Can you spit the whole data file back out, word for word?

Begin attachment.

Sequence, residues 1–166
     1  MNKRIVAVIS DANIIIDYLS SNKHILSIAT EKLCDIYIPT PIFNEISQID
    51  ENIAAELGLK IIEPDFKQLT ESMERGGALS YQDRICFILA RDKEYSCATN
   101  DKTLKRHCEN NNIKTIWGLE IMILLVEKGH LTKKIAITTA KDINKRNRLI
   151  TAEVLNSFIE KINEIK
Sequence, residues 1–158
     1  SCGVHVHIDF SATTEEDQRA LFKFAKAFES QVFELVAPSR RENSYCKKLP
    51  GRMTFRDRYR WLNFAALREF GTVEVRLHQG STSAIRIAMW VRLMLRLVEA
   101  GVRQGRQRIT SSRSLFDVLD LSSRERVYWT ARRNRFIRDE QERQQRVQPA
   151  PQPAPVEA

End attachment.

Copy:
Sequence, residues 1–166
     1  MNKRIVAVIS DANIIIDYLS SNKHILSIAT EKLCDIYIPT PIFNEISQID
    51  ENIAAELGLK IIEPDFKQLT ESMERGGALS YQDRICFILA RDKEYSCATN
   101  DKTLKRHCEN NNIKTIWGLE IMILLVEKGH LTKKIAITTA KDINKRNRLI
   151  TAEVLNSFIE KINEIK
Sequence, residues 1–158
     1  SCGVHVHIDF SATTEEDQRA LFKFAKAFES QVFELVAPSR RENSYCKKLP
    51  GRMTFRDRYR WLNFAALREF GTVEVRLHQG STSAIRIAMW VRLMLRLVEA
   101  GVRQGRQRIT SSRSLFDVLD LSSRERVYWT ARRNRFIRDE QERQQRVQPA
   151  PQPAPVEA